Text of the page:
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WRITE YOUR RELATIONSHIP MANIFESTO + FREE WORKSHEET


Write Your Relationship Manifesto

Friends, I have been in more than my fair share of stupid relationships.

I say stupid rather than bad, destructive or unfulfilling (even though they were those things, too) because in all of them I knew exactly what the problem was.

Whether they were boyfriends, friends or acquaintances that I suffered way longer than I should have, the common thread was always that I knew that what I was putting up with was stupid. Logically, I could reason out that I was dealing with things no one should have to deal with, that it was going nowhere, and that I was fooling myself into thinking it would improve.

I stuck with them anyway because the lines were fuzzy – I didn’t have a set of guidelines for myself – a checklist that made it clear that this is the line, this is what I’m not willing to put up with. I needed boundaries to make it plain that OK, this shit is plainly off the rails and this person is not for me.

So let’s talk about that checklist.

Let’s call it our Relationship Manifesto.

You need to write one. This isn’t just a mental exercise – your brain’s number one goal is to protect you from hurt, and it’s not always a trustworthy ally when things get rough. Actually write it down (or type it up, if you’re a digital gal like me) and keep it safe so you can refer back to it if you ever need some clarity.

This is how to get more of what you want (and less of what you don’t) in your relationships.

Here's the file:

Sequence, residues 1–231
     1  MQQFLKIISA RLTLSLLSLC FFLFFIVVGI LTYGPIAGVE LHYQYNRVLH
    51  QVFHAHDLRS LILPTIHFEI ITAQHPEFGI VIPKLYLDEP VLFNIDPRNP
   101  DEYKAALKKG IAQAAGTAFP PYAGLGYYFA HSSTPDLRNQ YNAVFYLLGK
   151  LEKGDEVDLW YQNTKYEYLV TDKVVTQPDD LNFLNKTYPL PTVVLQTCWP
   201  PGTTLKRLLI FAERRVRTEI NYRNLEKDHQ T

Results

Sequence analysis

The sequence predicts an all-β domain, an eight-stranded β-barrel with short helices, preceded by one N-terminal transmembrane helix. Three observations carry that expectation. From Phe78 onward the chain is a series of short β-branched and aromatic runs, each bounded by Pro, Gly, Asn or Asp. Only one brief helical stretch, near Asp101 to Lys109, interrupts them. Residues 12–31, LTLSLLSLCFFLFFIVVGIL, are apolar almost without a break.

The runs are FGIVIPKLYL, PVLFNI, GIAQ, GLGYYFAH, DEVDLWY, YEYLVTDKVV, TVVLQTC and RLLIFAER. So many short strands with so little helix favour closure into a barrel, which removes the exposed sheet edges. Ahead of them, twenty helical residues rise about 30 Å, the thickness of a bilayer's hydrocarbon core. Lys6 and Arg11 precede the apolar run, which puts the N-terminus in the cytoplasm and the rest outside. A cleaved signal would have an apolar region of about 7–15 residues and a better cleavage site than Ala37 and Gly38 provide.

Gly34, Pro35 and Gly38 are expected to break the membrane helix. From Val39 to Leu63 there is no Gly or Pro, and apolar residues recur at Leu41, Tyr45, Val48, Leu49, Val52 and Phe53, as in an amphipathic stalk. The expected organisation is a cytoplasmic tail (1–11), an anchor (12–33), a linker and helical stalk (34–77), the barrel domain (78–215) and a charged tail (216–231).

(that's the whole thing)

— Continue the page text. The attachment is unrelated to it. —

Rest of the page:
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Let’s talk about that checklist. Let’s call it our Relationship Manifesto. I created a downloadable worksheet for you – FREE – that should help get you started writing yours.

Download Free Relationship Manifesto Worksheet

You need to write one. This isn’t just a mental exercise – your brain’s number one goal is to protect you from hurt, and it’s not always a trustworthy ally when things get rough. Actually write it down (or type it up, if you’re a digital gal like me) and keep it safe so you can refer back to it if you ever need some clarity.


manifesto: a written statement that describes the policies, goals, and opinions of a person or group.


While I think writing your Manifesto is an intensely personal thing, there are a few things that should probably be on everyone’s as a baseline of decent behavior. Here they are.

We will value people who also value us.

Be around people who think you’re the bee’s knees! They should respect your time, pay attention and enjoy your company when they’re in it. They should give you equal airtime in the conversation, show an interest and listen at least as much as they talk. They should care about how you’re doing and say nice things about you when you’re not around. No one should hide you from the other people in their lives (unless they’re doing you a favor) or dodge you because they’re with their “other” friends. When someone is into you, they should be willing to scream it from the rooftops.